Dec 20

Rev Gav

Mushy Peas

Social media is alive with discussions on a hot subject that is currently dividing the church — mushy peas. The Church is split broadly into two camps; those that support the Whole Pea Cause (WPC) and those in favour of mashed pulses (peas being the main type).

Feelings run high on the topic. One person recently wrote: “Mushy peas are vulgar and should be outlawed!” Still another, “Mushy peas? How insufferable!”

Professor Peabody, lecturer in biomechanics at The University of Anglia and leading proponent of the WPC, claims that, “Mushing peas is unnatural. If God had meant peas to be mashed he would have created them… er… mashed.”

It is true that there is no biblical evidence that Jesus mashed his peas but then again, there is little or no mention of peas in the Bible at all. Some interpret this omission as evidence that God is indifferent to peas – whether whole or mashed.

In a recent ‘pod’ cast, Libby Shoots from the think-tank Peos, said, “It is perfectly natural to mash peas. We know that mashing peas increases their surface area and therefore their true flavour. When you eat whole peas, you are not swallowing them whole, but mashing them in your mouth. Peas are destined to be mashed.”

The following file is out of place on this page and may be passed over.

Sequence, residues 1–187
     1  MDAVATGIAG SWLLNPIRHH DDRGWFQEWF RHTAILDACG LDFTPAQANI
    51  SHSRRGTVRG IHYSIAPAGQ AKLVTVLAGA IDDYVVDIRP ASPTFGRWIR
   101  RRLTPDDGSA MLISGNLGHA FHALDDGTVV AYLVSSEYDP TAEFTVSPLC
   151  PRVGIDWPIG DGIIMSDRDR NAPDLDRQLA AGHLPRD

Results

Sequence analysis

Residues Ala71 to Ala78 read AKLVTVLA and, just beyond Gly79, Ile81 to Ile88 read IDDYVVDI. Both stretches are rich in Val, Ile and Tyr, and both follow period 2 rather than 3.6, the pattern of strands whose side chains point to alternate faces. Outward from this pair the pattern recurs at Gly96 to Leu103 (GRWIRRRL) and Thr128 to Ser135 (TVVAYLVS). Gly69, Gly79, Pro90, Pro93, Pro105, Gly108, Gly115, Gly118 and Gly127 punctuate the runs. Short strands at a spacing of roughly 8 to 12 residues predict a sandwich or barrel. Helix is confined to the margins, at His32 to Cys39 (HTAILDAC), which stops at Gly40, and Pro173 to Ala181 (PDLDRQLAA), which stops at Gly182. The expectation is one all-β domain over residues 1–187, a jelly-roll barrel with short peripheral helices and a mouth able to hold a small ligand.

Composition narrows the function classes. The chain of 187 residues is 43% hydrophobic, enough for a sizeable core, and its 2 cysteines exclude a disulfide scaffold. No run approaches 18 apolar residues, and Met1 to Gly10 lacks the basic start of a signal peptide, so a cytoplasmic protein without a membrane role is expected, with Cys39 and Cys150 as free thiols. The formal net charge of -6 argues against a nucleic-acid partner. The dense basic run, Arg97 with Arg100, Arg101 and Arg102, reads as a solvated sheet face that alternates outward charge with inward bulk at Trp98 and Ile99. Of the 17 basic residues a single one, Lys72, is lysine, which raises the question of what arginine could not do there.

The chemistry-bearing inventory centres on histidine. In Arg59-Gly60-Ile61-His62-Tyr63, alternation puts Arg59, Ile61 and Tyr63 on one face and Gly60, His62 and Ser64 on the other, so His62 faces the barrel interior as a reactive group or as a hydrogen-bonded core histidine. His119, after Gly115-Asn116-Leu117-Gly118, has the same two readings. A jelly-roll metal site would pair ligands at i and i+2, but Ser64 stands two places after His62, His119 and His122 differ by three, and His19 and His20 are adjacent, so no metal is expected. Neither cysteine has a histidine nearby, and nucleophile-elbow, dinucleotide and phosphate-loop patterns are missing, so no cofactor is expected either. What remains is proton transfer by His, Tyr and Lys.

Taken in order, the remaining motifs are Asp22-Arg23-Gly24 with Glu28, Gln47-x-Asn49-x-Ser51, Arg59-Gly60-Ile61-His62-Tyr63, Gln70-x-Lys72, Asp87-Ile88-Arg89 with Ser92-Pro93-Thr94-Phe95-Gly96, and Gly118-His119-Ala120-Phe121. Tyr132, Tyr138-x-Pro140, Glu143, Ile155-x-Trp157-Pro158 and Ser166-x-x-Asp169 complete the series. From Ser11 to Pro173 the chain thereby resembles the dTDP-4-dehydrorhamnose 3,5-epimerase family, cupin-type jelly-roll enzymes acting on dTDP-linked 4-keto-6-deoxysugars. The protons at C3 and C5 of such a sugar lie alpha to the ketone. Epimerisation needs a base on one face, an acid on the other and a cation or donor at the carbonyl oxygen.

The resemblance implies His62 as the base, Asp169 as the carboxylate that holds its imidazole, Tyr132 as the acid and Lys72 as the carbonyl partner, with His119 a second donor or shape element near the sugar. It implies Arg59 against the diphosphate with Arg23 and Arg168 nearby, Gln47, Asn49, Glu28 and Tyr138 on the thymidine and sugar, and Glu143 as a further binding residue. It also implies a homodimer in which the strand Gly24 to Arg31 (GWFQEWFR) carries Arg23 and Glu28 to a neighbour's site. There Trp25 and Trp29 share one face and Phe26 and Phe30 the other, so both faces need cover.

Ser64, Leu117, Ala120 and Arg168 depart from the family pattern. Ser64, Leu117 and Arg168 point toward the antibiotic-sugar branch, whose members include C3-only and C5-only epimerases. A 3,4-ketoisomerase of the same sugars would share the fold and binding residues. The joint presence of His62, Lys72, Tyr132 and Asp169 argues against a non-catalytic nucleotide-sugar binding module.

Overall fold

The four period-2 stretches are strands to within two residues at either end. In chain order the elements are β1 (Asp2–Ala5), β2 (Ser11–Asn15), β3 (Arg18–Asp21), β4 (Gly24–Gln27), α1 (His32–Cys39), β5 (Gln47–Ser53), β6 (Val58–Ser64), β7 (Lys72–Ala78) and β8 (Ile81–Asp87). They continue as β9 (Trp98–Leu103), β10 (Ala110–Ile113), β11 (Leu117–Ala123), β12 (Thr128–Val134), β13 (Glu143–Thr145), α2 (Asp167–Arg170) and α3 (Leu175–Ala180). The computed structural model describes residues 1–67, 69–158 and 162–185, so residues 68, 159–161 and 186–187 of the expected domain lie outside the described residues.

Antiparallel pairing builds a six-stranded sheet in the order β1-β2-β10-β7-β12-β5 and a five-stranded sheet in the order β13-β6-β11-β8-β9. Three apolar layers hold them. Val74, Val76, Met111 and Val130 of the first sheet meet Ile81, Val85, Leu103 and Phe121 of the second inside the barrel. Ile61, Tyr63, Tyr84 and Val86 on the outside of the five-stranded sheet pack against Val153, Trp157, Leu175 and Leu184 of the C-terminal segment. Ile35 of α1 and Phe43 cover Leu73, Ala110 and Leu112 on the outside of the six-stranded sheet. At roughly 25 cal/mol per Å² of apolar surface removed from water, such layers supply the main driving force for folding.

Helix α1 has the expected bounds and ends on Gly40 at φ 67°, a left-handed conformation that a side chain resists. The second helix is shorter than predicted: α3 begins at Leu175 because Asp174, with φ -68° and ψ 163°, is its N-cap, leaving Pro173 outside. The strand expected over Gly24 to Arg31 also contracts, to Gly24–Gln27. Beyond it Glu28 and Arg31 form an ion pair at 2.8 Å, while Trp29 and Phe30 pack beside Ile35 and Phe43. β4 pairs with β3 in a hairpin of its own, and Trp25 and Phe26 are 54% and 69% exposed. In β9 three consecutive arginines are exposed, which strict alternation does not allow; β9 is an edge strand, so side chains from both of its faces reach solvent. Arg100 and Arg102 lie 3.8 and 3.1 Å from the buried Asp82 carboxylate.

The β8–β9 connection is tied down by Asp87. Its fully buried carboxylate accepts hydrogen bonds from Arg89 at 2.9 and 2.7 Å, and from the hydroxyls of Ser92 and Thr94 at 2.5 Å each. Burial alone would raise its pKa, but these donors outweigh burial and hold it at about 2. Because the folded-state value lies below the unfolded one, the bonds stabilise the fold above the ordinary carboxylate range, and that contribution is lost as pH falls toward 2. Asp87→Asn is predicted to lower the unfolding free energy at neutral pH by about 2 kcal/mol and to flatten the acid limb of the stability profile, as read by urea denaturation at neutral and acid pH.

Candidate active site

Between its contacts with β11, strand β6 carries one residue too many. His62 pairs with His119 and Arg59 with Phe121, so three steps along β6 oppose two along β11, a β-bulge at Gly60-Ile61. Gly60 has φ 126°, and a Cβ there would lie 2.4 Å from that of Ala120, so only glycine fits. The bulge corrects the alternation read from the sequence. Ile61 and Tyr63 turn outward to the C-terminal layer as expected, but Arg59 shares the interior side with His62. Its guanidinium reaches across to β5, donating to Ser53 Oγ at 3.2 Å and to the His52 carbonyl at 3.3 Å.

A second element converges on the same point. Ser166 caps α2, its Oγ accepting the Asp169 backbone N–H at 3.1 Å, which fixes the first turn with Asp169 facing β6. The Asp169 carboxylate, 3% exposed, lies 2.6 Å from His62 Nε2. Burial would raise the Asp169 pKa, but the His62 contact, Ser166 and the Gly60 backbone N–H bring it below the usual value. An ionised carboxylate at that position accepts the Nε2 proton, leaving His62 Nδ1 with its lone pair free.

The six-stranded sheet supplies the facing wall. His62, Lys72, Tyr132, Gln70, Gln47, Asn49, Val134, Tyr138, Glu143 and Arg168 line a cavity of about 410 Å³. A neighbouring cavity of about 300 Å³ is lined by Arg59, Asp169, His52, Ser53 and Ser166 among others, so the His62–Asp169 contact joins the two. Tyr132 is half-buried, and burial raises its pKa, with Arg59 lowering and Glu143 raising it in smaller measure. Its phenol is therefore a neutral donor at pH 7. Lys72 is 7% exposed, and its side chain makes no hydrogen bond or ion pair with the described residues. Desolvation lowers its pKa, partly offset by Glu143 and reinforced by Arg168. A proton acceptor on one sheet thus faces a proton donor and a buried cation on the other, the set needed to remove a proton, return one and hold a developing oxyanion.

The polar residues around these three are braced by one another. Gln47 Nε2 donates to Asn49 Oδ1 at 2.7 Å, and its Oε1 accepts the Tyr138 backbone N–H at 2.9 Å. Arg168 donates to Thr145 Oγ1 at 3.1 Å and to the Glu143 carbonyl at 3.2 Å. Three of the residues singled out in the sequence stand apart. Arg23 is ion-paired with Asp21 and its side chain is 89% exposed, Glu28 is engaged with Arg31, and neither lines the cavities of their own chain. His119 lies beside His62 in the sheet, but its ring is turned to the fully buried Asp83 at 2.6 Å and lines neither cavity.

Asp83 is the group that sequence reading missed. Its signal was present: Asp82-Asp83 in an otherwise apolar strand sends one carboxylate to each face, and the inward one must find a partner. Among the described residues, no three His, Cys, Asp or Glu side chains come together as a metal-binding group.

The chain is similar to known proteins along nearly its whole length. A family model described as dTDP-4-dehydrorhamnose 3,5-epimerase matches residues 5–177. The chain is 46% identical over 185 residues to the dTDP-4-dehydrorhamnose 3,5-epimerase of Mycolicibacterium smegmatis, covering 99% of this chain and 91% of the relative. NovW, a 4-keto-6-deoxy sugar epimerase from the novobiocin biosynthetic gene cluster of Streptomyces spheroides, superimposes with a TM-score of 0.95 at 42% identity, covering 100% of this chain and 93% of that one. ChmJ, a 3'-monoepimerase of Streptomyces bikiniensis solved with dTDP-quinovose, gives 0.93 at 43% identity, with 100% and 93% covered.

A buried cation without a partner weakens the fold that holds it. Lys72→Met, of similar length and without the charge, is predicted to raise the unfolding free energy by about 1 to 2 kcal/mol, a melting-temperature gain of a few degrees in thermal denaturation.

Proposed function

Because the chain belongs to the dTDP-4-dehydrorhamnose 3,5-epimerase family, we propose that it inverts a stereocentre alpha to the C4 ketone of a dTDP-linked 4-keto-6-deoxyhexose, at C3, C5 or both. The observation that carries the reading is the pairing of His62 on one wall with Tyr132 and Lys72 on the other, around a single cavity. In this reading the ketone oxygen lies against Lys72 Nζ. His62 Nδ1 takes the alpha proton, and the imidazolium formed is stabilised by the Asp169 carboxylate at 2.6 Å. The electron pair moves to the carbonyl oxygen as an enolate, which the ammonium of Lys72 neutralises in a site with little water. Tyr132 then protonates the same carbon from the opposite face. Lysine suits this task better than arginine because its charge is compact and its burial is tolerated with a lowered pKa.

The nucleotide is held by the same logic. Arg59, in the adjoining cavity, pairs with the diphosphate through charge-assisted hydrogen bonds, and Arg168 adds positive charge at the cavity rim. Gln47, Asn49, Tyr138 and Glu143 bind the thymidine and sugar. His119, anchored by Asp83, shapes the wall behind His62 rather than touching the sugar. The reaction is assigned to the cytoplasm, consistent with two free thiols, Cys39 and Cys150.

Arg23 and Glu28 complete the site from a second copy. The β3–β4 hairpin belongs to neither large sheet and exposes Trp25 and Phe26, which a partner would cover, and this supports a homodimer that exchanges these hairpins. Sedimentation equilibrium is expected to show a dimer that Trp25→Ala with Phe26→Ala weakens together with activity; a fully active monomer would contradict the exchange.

Those in favour of mashing dislike the term, ‘mushing’. Alan Green has been mashing peas all his life. He says, “Mushing is a dirty term with an emphasis on the act of blending and not the end result which is all about flavour. I’m proud to be a masher.”

Revd Plateful, vicar of St. Bernard the Gardner in Axminster, emphasises the sentiment in the conservative church, “Hate the mash, love the masher,” but pea mashers everywhere still find this kind of comment offensive.

The Archbishop of Canterbury is going to have a tough job holding the two sides of the debate together. Will it be possible to reconcile two opposing factions? Mashed peas? It seems you either love them or hate them.

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